More patent changes on the way: compulsory licensing and a trans-Tasman regime

In what has already been a big year for changes to IP legislation in Australia (especially for patent law), more changes are on the way. Not to be confused with the reforms made under the Intellectual Property Law Amendment (Raising the Bar) Act 2012 (Cth), a new Intellectual Property Laws Amendment Bill 2013 (Cth) (‘the Bill’) was introduced into the Australian Parliament on 30 May 2013.

The changes may not be as extensive as the Raising the Bar amendments, however important changes to patent law are proposed by the Bill:

1. ‘Crown use’ of patents

The Bill clarifies the scope of ‘crown use’, which involves the Commonwealth or a State exploiting an invention without needing the authorisation of the patent holder or applicant. (For further detailed analysis on these proposed changes, see our previous post here.)

2. TRIPS Protocol amendments for compulsory licensing of pharmaceutical patents

The World Trade Organisation Agreement on Trade Related Aspects of Intellectual Property Protocol (‘the TRIPS Protocol’) aims, amongst other things, to permit least-developed and developing countries to manufacture or access important patented medicines for treating public health problems such as HIV/AIDS, tuberculosis and malaria.

Australia accepted the TRIPS Protocol in 2007 and the amendments contemplated by the Bill would comply with Australia’s obligations. The proposed scheme enables Australian pharmaceutical manufacturers to apply to the Federal Court for compulsory licenses to manufacture and export patented pharmaceutical inventions (“PPIs”) for the purpose of providing these medicines to eligible developing countries. It is contemplated that patentees will be compensated with an amount either agreed between the patentee and the applicant, or determined by the Federal Court to be adequate remuneration, taking into account the economic value to the eligible importing country of the use authorised by the compulsory license. (See our previous post on the Bill’s 2012 exposure draft here.)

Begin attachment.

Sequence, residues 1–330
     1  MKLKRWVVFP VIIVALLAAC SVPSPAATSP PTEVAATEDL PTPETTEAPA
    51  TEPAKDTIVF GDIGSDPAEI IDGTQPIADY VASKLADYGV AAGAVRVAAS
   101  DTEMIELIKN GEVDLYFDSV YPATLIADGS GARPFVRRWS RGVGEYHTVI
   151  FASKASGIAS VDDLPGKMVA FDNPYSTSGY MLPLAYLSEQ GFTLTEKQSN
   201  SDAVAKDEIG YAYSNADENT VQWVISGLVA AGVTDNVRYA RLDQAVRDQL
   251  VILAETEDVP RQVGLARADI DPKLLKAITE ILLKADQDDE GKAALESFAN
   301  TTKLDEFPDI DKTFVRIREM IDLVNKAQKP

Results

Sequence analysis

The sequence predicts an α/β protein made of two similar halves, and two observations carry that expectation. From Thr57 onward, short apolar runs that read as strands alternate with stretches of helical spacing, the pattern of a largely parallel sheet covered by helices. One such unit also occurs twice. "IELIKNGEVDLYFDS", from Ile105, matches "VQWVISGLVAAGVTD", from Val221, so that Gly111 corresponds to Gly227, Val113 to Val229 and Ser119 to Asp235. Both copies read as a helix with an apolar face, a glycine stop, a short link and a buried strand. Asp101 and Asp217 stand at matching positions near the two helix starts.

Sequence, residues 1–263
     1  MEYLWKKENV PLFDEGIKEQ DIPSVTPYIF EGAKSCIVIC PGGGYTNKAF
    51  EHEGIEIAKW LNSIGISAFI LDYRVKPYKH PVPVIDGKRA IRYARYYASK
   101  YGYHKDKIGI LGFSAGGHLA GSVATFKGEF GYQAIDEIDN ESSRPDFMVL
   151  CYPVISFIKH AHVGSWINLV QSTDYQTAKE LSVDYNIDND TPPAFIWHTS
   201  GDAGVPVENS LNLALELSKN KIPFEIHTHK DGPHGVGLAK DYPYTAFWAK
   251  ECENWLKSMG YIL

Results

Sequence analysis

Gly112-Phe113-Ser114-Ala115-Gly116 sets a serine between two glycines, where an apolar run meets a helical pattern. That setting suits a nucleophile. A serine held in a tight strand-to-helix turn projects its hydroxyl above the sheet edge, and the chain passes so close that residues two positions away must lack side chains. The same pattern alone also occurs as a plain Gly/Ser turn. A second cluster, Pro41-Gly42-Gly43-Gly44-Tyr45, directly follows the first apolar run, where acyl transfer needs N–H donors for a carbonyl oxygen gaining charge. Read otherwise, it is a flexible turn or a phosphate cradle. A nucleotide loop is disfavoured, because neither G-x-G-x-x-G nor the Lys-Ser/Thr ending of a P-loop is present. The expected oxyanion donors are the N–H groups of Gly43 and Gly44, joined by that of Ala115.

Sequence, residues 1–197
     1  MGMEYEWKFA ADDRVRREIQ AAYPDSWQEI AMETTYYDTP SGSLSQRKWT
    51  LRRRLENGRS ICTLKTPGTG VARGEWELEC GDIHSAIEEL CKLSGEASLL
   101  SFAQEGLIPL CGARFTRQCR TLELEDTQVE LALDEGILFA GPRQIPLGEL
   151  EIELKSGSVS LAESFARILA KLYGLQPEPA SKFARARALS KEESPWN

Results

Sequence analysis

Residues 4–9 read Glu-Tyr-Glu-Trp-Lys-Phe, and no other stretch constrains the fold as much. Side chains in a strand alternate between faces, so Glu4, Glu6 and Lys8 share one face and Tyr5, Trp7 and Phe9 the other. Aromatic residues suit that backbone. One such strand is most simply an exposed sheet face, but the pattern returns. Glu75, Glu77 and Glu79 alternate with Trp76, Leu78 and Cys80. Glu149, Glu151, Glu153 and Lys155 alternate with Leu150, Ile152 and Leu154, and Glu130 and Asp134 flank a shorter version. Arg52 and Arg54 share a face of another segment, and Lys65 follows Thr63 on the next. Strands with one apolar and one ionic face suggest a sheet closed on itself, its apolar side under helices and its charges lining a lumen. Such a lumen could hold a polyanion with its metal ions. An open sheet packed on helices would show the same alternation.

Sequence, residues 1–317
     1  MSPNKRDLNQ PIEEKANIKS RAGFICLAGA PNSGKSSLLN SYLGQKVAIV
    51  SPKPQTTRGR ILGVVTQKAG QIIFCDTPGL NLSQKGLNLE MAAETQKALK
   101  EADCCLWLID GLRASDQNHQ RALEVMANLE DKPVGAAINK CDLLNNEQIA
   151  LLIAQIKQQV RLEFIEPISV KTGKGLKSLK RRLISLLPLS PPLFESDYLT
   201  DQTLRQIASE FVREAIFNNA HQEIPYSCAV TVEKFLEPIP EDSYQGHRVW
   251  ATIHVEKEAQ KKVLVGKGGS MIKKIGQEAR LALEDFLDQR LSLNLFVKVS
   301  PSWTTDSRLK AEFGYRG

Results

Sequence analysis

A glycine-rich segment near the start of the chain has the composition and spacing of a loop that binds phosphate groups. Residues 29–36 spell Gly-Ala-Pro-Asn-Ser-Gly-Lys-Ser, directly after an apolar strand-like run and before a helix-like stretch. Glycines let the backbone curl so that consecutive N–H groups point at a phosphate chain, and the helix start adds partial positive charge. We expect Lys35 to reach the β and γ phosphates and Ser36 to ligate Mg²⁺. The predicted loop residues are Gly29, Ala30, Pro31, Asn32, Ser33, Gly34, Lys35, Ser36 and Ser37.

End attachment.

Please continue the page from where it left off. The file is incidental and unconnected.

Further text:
3. Federal Circuit Court given jurisdiction over Plant Breeders’ Rights

Proposed amendments to the Plant Breeders’ Rights Act 1994 (Cth) under the Bill allow owners of plant breeders’ rights to take action in the Federal Circuit Court (formerly the Federal Magistrate’s Court), in addition to the Federal Court. The FCC is generally a cheaper, quicker and less formal forum, and the amendments acknowledge that plant breeders’ rights disputes are generally less complex than other IP matters, and often involve small businesses with more limited resources.

4. Unified patent applications and examinations and patent attorney regimes in Australia and New Zealand

The Bill further provides for streamlined patent application and examination procedures across Australia and New Zealand, acknowledging the fact that many patent applications are filed in both countries. Under the new single examination model, patent applications for the same invention would be examined by a single examiner in either country. Different national laws would still be applied and separate patents granted, however the amendments aim to reduce unnecessary administrative duplication.

The Bill also introduces a trans-Tasman patent attorney regime, again acknowledging that many Australian and New Zealander patent attorneys are registered in both countries. Common qualifications for registration as a patent attorney, a trans-Tasman IP Attorneys’ Board and a single trans-Tasman IP Attorneys Disciplinary Board are all proposed.

Lapsing of the Bill

Since the Bill was before the Senate when Parliament was prorogued on 5 August 2013 in anticipation of this week’s Federal election, it will be deemed to lapse immediately before the commencement of the next Parliament. Where there has been prorogation followed by a dissolution and a general election, the Bill may not be revived. Instead it will need to be reintroduced when Parliament sits again.